GFX50R and 23, 50 and 100-200. 23 to get the widest lens available. 50 to get one compact ‘normal’. 100-200 to get a multipurpose long lens. If your rules allow me to buy an additional lens, on top of the three, I would buy the 50 as it is the cheapest and replace the 100-200 with the 110 macro and the longest lens available (4/250?).

Would short it. Ask for most expensive and newest set (use model trained on price data to work out which combination of expensive and new is optimal). Immediately sell. Invest proceeds in collectable film Leica and collectable lens. Use for 5 years. At end of 5 years sell Leica stuff, buy back equivalent GFX gear for whatever is worth then (would guess at least 5000 dollars less than today), hand back. Buy perhaps somewhat cheaper film camera and lenses with profit.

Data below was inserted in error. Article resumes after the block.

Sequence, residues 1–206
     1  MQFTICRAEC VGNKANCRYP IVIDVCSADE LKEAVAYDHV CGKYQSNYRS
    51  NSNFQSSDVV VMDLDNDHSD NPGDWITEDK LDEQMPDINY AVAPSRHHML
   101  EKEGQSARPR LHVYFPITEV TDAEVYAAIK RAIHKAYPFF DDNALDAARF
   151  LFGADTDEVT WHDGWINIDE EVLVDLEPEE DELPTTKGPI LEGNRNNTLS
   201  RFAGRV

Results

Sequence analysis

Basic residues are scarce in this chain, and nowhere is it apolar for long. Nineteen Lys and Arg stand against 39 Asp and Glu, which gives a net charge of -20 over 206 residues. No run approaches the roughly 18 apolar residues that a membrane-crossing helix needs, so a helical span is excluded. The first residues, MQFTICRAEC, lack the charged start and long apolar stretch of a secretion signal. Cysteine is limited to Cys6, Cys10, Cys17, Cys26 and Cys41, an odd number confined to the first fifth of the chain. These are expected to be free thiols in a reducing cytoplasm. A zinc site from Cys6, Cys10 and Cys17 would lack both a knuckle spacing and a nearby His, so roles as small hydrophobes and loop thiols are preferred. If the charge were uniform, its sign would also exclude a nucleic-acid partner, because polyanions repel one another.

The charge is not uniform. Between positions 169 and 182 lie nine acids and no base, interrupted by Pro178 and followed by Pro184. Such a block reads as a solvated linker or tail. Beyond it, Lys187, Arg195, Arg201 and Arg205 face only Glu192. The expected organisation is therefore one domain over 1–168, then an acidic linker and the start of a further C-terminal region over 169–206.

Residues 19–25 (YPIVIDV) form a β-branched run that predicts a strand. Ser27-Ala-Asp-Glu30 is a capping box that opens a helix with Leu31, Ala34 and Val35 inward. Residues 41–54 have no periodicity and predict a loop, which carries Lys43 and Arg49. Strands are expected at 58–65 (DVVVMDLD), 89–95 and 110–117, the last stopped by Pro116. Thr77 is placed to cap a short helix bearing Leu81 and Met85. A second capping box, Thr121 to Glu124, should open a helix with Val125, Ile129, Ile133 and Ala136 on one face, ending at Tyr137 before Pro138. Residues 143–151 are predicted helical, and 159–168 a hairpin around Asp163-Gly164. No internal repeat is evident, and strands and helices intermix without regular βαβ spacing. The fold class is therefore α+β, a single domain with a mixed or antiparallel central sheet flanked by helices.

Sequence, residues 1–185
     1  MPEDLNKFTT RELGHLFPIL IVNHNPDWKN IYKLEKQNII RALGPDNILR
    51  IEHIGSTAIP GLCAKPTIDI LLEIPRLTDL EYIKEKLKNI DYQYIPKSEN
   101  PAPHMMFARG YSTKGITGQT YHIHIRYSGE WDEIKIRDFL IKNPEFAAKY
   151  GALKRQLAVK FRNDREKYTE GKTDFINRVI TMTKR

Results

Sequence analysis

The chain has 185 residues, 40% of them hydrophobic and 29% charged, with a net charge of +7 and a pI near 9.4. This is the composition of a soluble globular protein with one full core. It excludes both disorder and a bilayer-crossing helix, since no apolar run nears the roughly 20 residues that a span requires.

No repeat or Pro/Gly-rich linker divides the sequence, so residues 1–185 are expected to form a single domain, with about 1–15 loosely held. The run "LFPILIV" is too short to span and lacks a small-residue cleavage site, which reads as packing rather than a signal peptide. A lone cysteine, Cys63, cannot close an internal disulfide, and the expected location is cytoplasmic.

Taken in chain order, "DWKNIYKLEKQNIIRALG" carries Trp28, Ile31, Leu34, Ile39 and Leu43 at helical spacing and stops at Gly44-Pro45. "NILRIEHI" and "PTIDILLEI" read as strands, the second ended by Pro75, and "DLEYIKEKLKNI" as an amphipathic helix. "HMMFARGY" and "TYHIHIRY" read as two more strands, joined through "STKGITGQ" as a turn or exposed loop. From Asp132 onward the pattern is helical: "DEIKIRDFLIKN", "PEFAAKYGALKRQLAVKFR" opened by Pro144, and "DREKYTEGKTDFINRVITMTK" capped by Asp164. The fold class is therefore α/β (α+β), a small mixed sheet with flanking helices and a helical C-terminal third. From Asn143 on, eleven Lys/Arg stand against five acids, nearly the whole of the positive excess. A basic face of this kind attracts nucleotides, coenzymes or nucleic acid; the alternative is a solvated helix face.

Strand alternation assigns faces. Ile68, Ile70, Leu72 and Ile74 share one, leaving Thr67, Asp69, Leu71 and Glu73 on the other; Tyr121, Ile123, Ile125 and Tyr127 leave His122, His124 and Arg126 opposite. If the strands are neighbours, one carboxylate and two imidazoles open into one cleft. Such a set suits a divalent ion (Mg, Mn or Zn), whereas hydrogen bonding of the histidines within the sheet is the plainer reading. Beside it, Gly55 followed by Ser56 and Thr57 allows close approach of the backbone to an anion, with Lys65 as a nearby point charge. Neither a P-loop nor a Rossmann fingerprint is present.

[You've just done an end-around on one of the parameters of the question, which is that I didn't want people to be thinking about the value of the cameras, even the residual value. But okay...it's my question but your answer! --Mike]

#4 is: you simply adore the medium format look.
#5 is: you retouch your shots a lot.

That MF look is the main reason why I got my 645Z. And retouching is an important part of my process and more pixels is incredibly advantageous for editing.

The printing large argument is almost never a factor, in my opinion.